22

It is true that the agreement specified no time frame either for the school districts to submit their evidence to the Companies or for the Companies' submission of contrary evidence to the school districts. The schools simply were given six months from October 31, 1984, to decide whether to accept the amounts contributed according to the procedures described in the agreement. The courts of South Carolina, however, apply the traditional common law rule that in the absence of express agreement, the time for actions to be taken under a contract is a reasonable time. See Cloniger v. Cloniger, 193 S.E.2d 647, 651 (S.C.1973); Oxweld Acetylene Co. v. Davis, 106 S.E. 157, 159 (S.C.1921); cf. S.C.Code Ann. 36-2-309(1) (Law. Co-op.1976) (adopting U.C.C. 2-309(1): "The time for shipment or delivery or any other action under a contract if not ... agreed upon shall be a reasonable time.") Our review of the circumstances, the contract itself, and the school districts' performance of their obligations convinces us that the option period presented a reasonable calendar for the execution of product-identification procedures.

23

The record demonstrates that the Companies had adequate time to assemble and submit contrary product-identification evidence prior to and within the option period. The parties in the Greenville case had engaged in discovery for over a year and a half and were on the eve of trial when settlement negotiations began. The Richland litigation was commenced six months before the Greenville case and the Richland parties had undertaken substantial discovery before executing the settlement agreement. The Montgomery case was filed in July 1983--over one year before settlement negotiations began--and the parties had exchanged numerous interrogatories and requests for the production of documents. The production of contrary evidence for these cases would have involved little more than transferring materials the Companies' already had obtained--a minimal burden.17 It is true that the parties engaged in no discovery in the Amelia case prior to executing the settlement agreement. Amelia County nonetheless submitted substantial quantities of product-identification evidence to the Companies more than two months before the extended option deadline. The Companies' idleness in the other three cases prompts the reasonable conclusion that even if they had more time to respond to the Amelia submissions, they would not have done so. In summary, the district court acted within the terms of the contract and within the bounds of its remedial discretion in concluding that the school districts' product-identification evidence was sufficient under the agreement and in precluding the Companies from introducing product-identification evidence at arbitration.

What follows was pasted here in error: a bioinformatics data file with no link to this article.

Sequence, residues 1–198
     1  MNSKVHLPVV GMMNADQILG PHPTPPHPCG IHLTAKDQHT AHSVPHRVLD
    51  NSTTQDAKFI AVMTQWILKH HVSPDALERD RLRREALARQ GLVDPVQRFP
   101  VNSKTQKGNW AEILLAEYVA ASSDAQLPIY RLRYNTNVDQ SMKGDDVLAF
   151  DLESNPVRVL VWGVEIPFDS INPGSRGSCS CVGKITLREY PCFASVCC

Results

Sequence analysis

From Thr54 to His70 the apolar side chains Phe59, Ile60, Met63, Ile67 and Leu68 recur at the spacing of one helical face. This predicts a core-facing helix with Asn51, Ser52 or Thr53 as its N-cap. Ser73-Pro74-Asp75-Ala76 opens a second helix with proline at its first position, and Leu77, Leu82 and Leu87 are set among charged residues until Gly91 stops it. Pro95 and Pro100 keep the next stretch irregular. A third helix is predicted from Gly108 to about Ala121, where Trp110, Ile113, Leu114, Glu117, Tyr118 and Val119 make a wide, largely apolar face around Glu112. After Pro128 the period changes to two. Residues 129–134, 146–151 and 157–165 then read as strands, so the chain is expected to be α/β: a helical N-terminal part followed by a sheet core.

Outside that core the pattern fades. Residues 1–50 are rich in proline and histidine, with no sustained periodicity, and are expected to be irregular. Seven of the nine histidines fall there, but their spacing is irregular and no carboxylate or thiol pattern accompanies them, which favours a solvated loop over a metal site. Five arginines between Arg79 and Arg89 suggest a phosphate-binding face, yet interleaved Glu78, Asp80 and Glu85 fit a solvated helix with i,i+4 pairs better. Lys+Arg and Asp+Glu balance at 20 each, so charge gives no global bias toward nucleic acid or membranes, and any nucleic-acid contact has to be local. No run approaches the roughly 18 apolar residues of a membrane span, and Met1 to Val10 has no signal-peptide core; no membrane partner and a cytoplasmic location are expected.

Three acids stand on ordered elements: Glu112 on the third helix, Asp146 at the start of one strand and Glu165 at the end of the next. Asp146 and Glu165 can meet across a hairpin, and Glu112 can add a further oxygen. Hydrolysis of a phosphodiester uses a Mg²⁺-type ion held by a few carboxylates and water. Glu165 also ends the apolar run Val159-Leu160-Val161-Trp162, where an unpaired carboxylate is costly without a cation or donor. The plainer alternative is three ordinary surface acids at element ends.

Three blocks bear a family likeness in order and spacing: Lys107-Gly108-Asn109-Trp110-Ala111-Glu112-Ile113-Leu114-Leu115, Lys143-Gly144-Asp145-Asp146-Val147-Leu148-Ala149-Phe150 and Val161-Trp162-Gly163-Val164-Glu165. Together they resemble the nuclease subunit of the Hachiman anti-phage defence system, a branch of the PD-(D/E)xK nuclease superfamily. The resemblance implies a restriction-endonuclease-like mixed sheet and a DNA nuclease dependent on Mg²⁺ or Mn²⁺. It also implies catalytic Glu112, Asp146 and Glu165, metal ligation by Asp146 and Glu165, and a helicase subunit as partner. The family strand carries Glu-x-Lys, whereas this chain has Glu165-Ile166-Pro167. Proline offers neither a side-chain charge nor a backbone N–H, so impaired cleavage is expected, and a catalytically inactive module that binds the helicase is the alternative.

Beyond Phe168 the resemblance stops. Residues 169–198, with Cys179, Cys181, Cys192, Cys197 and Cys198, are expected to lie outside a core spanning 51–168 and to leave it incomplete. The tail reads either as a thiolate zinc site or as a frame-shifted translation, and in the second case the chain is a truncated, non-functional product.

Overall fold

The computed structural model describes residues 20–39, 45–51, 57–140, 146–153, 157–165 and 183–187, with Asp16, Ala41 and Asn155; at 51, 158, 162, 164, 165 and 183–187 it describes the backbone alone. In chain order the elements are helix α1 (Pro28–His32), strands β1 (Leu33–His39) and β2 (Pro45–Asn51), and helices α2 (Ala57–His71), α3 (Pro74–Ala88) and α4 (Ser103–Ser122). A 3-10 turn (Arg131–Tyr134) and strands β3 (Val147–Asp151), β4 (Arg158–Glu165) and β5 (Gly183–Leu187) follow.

24

The Companies next argue that the district court abused its discretion in ordering the Companies to choose an arbitrator to resolve the outstanding abatement cost issues exclusively from the school districts' list of arbitrator nominees. The Companies failed to submit their list of arbitrator candidates by January 16, 1985--the date on which the list was due under the parties' supplemental agreement.18 At the hearing before the district court, counsel for the Companies testified that after he received the school districts' list he had been called out of the office on business and family matters. Counsel offered this as an excuse for the Companies' failure to submit their list of arbitrators by January 16. The Companies, however, did not receive the school districts' list until January 16 and counsel, by his own admission, was not called out of the office until after that date. We find no abuse of discretion in this action by the district court.